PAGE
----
They soon came to an Indian village on the south shore. The Indians made signs of friendliness, and several canoes then came off from the shore to the flotilla. The Indians in them seemed pleased with the presents they received; but when a number of other canoes put off, loaded with armed warriors, the whites pushed off at once. The armed Indians went down along the shore for some time as if to intercept them; but at last they were seemingly left behind.

There was with the flotilla a boat containing twenty-eight men, women, and children, among whom smallpox had broken out. To guard against infection, it was agreed that it should keep well in the rear; being warned each night by the sound of a horn when it was time to go into camp. As this forlorn boatload came along Indians of another village, seeing its defenceless position, sallied out in their canoes, and butchered or captured all who were aboard. Their cries were distinctly heard by the rearmost of the other craft, who could not stem the current and come to their rescue. But a dreadful retribution fell on the Indians; for they were infected with the disease of their victims, and for some months virulent small-pox raged among many of the bands of Creeks and Cherokees.

When the boats entered the Narrows, they had lost sight of the Indians on shore, and thought they had left them behind. A man, who was in a canoe, had gone aboard one of the larger boats with his family, for the sake of safety while passing through the rough water. His canoe was towed alongside, and in the rapids it was overturned, and the cargo lost. The rest of the company, pitying his distress over the loss of all his worldly goods, landed to see if they could not help him recover some of his property. Just then the Indians suddenly appeared almost over them, on the high cliffs opposite, and began to fire, causing a hurried re treat to the boats. For some distance the Indians lined the bluffs, firing from the heights into the boats below. Yet only four people were wounded, and they not dangerously. One of them was a girl named Nancy Gower When, by the sudden onslaught of the Indians, the crew of the boat which she was in were thrown into dismay, she took the helm and steered, exposed to the fire of the savages. A ball went through the upper part of one of her thighs, but she neither flinched nor uttered any cry; and it was not known that she was wounded until, after the danger was past, her mother saw the blood soaking through her clothes. She recovered, married one of the frontiersmen and lived for fifty years afterwards, long enough to see all the wilderness filled with flourishing and populous States.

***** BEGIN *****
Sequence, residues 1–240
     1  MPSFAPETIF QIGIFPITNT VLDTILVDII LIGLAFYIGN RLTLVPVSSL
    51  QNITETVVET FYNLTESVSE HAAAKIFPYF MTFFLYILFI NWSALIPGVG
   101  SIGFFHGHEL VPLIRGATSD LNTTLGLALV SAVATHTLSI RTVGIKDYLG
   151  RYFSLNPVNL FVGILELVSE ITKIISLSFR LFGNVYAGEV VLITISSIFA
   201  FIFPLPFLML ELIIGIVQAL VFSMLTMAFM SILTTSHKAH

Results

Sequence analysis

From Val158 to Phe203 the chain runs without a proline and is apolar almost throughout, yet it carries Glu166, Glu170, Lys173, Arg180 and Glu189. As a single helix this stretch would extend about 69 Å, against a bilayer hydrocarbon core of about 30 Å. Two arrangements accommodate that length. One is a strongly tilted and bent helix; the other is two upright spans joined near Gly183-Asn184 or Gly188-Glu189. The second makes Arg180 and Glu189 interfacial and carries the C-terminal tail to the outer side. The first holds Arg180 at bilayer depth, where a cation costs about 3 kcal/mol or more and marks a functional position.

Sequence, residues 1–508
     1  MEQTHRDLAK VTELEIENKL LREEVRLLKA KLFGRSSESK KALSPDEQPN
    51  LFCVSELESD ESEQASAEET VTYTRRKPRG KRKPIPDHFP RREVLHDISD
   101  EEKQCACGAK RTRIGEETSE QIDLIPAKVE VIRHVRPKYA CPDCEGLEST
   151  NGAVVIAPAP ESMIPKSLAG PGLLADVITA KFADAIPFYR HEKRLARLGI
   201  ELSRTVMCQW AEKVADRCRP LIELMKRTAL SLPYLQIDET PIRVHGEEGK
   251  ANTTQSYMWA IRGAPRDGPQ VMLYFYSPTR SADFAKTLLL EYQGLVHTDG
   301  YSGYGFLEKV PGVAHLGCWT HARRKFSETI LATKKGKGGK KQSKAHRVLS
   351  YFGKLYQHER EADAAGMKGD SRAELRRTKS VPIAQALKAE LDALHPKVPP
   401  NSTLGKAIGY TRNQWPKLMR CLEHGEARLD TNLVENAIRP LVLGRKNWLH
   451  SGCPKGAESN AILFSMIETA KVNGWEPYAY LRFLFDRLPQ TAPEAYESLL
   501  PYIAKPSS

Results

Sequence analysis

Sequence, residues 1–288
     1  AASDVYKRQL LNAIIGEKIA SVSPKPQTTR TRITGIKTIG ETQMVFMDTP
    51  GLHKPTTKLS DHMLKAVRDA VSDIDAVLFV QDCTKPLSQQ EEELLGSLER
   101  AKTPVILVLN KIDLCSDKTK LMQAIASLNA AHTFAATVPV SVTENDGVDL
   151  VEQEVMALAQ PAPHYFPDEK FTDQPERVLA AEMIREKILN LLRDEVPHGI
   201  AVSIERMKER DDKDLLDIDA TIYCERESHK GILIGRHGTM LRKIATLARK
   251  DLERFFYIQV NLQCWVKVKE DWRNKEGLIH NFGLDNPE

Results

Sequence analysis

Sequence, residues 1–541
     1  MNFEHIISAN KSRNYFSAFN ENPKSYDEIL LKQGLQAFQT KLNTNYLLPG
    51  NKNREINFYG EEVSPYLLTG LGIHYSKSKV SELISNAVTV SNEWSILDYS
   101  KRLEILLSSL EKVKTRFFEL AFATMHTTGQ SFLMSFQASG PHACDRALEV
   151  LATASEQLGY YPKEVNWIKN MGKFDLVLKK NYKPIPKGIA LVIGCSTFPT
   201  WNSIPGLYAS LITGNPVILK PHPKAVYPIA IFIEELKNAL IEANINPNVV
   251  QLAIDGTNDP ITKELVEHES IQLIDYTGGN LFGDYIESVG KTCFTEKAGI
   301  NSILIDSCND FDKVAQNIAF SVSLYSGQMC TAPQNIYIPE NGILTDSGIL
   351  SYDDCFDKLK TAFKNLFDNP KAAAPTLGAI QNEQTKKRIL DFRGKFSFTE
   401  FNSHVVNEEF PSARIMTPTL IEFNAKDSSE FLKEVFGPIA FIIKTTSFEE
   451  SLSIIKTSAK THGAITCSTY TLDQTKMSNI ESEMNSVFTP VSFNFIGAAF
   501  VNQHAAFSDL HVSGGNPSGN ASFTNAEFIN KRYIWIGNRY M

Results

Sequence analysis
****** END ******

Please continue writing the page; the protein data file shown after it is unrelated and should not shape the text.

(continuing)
Having successfully run the gauntlet of the Chickamauga banditti, the flotilla was not again molested by the Indians. They ran over the great Muscle Shoals in about three hours without accident. The swift, broken water surged into high waves, and roared through the piles of driftwood that covered the points of the small islands, round which the currents ran in every direction; and those among the men who were unused to river-work were much relieved when they found themselves in safety.

On the 20th of the month they reached the Ohio. Some of the boats then left for Natchez, and others for the Illinois country; while the remainder turned their prows up stream, to stem the rapid current of the Ohio --a task for which they were but ill-suited. The work was very hard, the provisions were nearly gone, and the crews were almost worn out by hunger and fatigue. On the 24th of March they entered the mouth of the Cumberland. The Adventure, the heaviest of all the craft, got much help from a small square sail that was set in the bow. But it was not until April 24th that they reached the Big Salt Lick, and found Robertson awaiting them. The long, toilsome, and perilous voyage had been brought to a safe end.